Tag Archive for: how can I help my difficult foster child

The Lies of the Enemy

The week has been overwhelming as we lay our daughter to rest.  The prayers offered up on our behalf, the texts, the phone calls, and the food have all been a blessing — to know we are loved — to know that Andrea was loved and touched so many lives.

Thank you to all of you who have reached out to us.

I’ll admit that when we heard the news of our daughters death, while a shock, it was not a surprise.  For years I have gone to bed with my cell phone turned on next to it.  I wanted to be there for her even in the middle of the night.  She knew that I was only a phone call away if she needed me and at times either she used the lifeline that we extended or others called on her behalf.

As a parent of a challenging child it is easy to go down the path of the shoulda, woulda, couldas — the lies of the enemy.  If only I had done this or said that, things might have been different.

It is easy to play the blame game — remembering those who said something, did something, or didn’t extend the love that we thought they should extend.

But here’s the deal, we aren’t God.  God has a plan with each of our children’s lives.  After all, He created them — challenges and all.

He is the one who is weaving the testimony of our children.  

We don’t have to like it.

We can try to do everything within our power to change it.

But we have to let God be God.

We have to remember that he uses everything, EVERYTHING, for His glory.

As people came to pay their respects to our family on Wednesday evening, I heard lots of coulda, woulda, shouldas from friends and family members.  It is easy to feel the weight of guilt when we see our own sins in light of eternity.  Trust me, I’ve gone down that path too during this trial.  As a parent looking hindsight, there are so many things that I’ve pondered wondering if a different decision, a different word, a different response could have changed the tide that brought us to this moment.

My prayer is that you will seize this opportunity to allow God to change you as a result of our daughter’s death.  Ponder the inner turmoil you are feeling and give response to God in how her life changed you for the better. 

As my boys are grieving the loss of their sister, they’ve brought many things to the surface on choices my husband and I made as parents.  While I’ll admit some of those have a sting to them, I am thankful that they are choosing to voice their questions.  As we remind them that we too did our best parenting before we had kids, the healing process has begun.  We’re the first to admit that we aren’t perfect parents.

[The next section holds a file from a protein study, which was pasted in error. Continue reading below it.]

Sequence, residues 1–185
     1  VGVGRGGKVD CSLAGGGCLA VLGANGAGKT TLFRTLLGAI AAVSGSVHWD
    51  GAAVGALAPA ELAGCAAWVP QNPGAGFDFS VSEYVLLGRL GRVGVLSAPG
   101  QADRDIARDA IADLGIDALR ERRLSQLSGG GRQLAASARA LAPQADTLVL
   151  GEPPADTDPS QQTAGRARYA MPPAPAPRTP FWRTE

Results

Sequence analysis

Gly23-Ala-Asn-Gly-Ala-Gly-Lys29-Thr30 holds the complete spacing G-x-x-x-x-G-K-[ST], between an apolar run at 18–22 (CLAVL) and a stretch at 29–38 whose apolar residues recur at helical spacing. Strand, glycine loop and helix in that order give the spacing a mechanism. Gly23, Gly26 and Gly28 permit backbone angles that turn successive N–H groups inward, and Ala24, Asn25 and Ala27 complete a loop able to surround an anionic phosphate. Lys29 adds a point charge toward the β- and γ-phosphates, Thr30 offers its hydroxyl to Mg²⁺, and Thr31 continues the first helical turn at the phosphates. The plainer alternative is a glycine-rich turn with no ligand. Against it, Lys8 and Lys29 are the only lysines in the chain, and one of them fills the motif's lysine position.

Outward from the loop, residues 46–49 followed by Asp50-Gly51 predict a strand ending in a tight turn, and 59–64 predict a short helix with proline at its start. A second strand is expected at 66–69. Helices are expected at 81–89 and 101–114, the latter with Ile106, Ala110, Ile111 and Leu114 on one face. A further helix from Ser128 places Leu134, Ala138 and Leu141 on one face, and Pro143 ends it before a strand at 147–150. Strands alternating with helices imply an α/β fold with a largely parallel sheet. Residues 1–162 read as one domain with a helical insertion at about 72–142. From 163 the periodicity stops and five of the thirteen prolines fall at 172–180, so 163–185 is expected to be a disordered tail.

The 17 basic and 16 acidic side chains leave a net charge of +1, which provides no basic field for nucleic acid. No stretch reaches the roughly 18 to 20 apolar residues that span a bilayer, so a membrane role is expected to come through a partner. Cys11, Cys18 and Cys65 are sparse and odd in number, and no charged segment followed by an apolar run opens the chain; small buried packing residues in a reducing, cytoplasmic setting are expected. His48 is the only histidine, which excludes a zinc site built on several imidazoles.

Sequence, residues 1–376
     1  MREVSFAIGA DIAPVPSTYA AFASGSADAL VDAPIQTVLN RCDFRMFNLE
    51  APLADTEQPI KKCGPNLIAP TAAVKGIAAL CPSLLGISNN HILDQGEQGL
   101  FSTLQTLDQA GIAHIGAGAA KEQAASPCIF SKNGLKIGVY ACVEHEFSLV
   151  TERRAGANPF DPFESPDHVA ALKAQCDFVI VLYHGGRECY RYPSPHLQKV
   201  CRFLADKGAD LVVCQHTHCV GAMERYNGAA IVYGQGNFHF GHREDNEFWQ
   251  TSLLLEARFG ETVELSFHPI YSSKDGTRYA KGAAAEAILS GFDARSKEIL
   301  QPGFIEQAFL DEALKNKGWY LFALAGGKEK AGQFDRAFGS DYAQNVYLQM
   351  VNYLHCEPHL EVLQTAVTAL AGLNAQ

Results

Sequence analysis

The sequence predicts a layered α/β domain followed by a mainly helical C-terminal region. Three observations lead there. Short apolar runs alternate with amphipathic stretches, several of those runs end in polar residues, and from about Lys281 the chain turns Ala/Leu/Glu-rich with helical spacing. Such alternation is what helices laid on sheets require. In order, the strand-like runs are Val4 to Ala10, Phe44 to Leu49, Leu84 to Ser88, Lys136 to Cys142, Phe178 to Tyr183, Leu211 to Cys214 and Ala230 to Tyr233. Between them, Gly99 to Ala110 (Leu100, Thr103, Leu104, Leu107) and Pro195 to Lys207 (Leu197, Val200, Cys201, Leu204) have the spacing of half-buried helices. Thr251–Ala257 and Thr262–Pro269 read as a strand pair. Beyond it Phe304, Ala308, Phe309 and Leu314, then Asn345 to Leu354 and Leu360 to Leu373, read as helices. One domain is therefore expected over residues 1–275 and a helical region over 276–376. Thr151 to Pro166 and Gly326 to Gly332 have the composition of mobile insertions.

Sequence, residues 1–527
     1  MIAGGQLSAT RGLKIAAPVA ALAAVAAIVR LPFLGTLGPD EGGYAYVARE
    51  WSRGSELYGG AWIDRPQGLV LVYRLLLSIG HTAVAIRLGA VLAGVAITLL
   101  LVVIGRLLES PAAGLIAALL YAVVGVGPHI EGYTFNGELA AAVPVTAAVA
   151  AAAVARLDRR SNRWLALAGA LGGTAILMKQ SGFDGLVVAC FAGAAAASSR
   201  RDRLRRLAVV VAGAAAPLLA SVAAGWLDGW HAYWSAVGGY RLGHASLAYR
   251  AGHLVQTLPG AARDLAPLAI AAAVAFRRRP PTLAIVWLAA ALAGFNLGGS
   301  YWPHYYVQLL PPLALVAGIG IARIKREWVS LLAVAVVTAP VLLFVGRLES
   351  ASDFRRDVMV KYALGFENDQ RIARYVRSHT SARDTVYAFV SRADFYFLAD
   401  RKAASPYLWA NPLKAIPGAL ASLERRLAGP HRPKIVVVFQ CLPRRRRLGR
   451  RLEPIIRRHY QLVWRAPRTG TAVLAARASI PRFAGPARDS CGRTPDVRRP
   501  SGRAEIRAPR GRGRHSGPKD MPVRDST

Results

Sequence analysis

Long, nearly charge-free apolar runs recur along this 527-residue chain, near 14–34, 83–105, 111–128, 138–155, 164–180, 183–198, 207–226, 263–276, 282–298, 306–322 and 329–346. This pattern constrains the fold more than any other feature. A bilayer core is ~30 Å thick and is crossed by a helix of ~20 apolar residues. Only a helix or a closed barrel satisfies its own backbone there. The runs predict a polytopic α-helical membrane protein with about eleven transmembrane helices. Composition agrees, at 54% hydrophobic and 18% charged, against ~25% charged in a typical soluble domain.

But here’s the thing — we don’t know what we don’t know as parents.  Our kids didn’t come with an instruction manual.  And our family is living proof that God doesn’t create all our kids the same.

While my daughter’s death has made me painfully aware of choices I could have made differently as a parent, I am thankful that God allowed me to recognize that relationship begins with me.  It was through the difficulties with my daughter that God has given me opportunity to speak truth to many parents.  The things I’ve learned in the last 10 years in trying a forge a respectful relationship with my daughter in the midst of her struggle have grown me in ways I never dreamed possible.

It is through my struggles as a parent that With All Due Respect was written.  It is the process that transformed me as a mom.  It helped me realize that I only have the ability  to change me and by changing me, I can impact my children in a positive way.  The struggles with my daughter taught me that the way to survive was to have God as my lifeline.

Even through the struggles and Andrea’s untimely death, I am grateful for the gift she gave me.  Because of her I see the world through a whole different lens.  I’ve been given opportunity to touch other parents’ lives who so much want a better life and relationship with their difficult child.  

But the biggest gift of all that she gave me were words she actually spoke to my husband a few months ago, “My mom is my best friend.”  

As moms, isn’t that one of our parenting goals?  My heart rejoices in that at the end, she saw me as her best friend.

While my grieving process began over a decade ago when she chose to move our of our house,  I still need to remind myself in the midst of the last two weeks to…

“Let go…and Let God”,

 

 

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